Strahan is probably the second best defensive player I have seen on the Giants (Taylor) in my fandom since 1980. What makes Strahan a Hall of Famer is his ability to play the run and the pass. Making it even more unique is the size of Strahan. Whether he was playing at 285 pounds (earlier in his career) or at 245 pounds (like this past year), he was equally effective. Amazing. Strahan just knew how to play the technique at his position, and do it at the highest level.

    The one knock on Strahan, and I always said this, was he didn’t make the big play when the Giants needed it most. There were some bitter collapses during his time (1997 versus Minnesota and 2002 versus San Fran come to mind immediately) when Strahan, or his defense, didn’t come through. Don’t get me wrong, there are always going to be situations where the defense fails, it happens to the best of them. But the Giants never seemed to get that stop when it was needed in big, tight games. 2007 was different. They didn’t fold in Dallas or Green Bay, when they easily could of. Instead they got tougher. And while New England did go the length of the field for a go-ahead score late in Super Bowl XLVII, the offense came to the rescue. And that was so appropriate, because the defense, led by Strahan, played wonderfully on that February evening and deserved every ounce of praise.

    John Mara was unsure about retiring Stra’s number, only because the Giants are “running out” of numbers to use for current players. That’s okay, because no one will confuse #92 with anyone else. It’s Michael Strahan’s number forever.

    Some Final Thoughts…

    Wednesday, June 4th, 2008

    …before I depart to run my summer baseball team, the Roughriders.

     First, I picked up the five DVD set released by NFL Films that everyone has been waiting for: the Giants’ incredible run through the playoffs that includes Week 17’s game versus the then undefeated Pats. It’s the full network broadcasts, with the original announcers (Buck and Aikman for every playoff game). There had been a rumor that Bob Pappa and company from WFAN would be spliced in over the video, but that isn’t the case. The really cool thing: you can watch the Super Bowl with Strahan’s commentary turned on (athough Stra, like any defensive player, harps too much on the offense to just not make a mistake…still, who can get mad at the guy?). The really uncool thing: these games aren’t in HD. I have to admit, I’m spoiled and it’s really a big time blunder by the producers. All these games were broadcast orginally in HD. Talk about going cheap. It’s just not the same. Nonetheless, it will be a long time before I actually sit down and watch the entire set (if ever, as I’ve watched numerous replays already) but if you’re a Giants’ fan this is something you at least have to have in your video collection.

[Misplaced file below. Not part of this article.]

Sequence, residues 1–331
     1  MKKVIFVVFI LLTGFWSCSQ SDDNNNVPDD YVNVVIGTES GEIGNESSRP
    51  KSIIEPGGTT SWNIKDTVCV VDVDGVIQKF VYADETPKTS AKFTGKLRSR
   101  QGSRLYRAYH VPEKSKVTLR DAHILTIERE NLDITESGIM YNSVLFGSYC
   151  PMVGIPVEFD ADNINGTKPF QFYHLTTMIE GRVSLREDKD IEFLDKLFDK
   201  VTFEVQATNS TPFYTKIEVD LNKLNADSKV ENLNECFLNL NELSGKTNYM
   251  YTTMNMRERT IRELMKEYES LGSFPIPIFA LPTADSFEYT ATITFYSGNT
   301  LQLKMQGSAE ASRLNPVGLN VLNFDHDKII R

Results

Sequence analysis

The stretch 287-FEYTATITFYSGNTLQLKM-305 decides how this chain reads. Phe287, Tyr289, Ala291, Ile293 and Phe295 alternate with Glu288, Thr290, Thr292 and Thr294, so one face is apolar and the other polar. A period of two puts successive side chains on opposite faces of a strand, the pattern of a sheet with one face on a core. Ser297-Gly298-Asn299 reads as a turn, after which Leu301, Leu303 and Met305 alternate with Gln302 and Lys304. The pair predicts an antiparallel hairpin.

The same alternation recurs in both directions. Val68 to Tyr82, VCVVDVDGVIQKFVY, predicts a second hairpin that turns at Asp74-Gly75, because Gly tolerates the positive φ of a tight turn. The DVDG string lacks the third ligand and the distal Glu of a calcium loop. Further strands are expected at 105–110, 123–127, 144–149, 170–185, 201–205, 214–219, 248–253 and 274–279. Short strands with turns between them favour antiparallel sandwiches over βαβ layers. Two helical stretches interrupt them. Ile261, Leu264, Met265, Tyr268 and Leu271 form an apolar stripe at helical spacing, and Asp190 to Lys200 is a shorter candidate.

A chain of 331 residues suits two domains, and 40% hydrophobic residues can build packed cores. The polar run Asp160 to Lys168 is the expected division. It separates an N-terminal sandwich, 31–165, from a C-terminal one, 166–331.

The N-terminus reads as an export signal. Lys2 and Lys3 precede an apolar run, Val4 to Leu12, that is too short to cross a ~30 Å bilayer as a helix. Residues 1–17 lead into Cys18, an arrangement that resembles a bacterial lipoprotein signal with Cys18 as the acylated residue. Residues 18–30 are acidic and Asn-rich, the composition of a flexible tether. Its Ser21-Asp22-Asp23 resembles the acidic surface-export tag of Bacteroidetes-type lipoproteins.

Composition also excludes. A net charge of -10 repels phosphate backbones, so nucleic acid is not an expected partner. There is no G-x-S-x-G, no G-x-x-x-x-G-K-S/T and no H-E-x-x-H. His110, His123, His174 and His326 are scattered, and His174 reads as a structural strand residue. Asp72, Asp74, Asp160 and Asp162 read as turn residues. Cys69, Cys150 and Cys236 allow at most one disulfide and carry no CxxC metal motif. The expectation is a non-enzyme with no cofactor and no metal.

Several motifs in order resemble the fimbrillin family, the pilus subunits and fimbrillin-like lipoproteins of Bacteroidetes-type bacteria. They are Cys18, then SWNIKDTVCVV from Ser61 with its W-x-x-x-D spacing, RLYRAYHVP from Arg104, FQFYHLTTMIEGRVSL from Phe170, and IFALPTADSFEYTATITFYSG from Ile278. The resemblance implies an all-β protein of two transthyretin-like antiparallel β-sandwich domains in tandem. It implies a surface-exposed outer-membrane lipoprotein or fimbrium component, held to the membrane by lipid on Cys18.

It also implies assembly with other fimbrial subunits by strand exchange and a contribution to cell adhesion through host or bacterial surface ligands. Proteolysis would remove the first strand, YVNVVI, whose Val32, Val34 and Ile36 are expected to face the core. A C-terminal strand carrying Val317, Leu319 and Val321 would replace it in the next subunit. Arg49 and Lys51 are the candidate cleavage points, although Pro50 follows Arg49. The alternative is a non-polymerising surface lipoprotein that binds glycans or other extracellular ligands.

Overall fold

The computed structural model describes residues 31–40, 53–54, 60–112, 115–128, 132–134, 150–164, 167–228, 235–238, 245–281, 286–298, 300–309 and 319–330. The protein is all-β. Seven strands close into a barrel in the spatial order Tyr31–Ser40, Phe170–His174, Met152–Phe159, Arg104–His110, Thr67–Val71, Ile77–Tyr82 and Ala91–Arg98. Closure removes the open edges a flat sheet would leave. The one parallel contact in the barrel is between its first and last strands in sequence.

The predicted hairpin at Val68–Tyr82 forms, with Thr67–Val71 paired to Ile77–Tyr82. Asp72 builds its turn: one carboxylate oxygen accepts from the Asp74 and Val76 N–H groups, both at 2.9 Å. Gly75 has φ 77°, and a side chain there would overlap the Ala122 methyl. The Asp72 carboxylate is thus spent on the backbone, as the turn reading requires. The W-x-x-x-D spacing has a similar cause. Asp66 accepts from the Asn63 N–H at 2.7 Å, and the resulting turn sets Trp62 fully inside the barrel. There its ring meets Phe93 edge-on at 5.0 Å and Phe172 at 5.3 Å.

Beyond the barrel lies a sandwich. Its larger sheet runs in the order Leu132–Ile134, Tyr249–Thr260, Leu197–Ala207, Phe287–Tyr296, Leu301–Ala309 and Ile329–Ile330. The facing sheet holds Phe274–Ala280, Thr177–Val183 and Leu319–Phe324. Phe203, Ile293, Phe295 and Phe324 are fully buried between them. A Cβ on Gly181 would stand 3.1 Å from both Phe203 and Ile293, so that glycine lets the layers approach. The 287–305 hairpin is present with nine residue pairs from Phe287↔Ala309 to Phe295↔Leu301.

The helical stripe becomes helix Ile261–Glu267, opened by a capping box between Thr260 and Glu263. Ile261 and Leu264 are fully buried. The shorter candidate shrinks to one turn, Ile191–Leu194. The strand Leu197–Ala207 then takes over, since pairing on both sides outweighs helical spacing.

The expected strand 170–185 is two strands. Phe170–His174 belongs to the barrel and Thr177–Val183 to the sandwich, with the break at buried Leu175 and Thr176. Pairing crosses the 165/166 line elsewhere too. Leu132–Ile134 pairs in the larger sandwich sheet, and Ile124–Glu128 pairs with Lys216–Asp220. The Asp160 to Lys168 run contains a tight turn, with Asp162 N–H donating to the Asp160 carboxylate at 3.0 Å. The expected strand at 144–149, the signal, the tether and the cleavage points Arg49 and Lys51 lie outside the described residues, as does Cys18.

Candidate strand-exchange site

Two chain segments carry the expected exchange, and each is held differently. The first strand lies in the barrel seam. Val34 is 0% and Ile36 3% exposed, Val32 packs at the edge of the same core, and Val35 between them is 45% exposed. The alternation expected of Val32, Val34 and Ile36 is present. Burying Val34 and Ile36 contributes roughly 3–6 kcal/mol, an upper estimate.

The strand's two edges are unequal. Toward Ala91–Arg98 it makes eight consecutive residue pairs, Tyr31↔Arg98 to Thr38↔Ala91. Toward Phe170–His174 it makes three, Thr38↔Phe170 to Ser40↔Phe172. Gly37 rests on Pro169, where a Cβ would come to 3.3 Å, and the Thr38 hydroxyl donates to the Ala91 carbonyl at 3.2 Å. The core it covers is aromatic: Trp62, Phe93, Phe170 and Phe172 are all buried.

The Giants got their rings last week, and man, were those things huge! Strahan wanted a “10-table ring” and Tiffany’s certainly delivered. The ceremony kicked off the start of OTA’s to be followed by a “mandatory” mini camp June 11-13. Shockey wasn’t at the ring ceremony and we’ll see what happens at the mini camp. Some minor drama, but really, after what this team has gone through over the last three years, this amounts to small potatoes despite what ESPN or any other outlet can make it out to be.

    Finally, some more kudos to the front office. When the Giants came to David Diehl to rework his contract a few weeks ago to be more in line with a starting left tackle, it sends a message. To everyone. The Giants know they have a young nucleus and keeping it intact is vital to the team’s future success. Look for Chris Snee and Brandon Jacobs to be next on the list.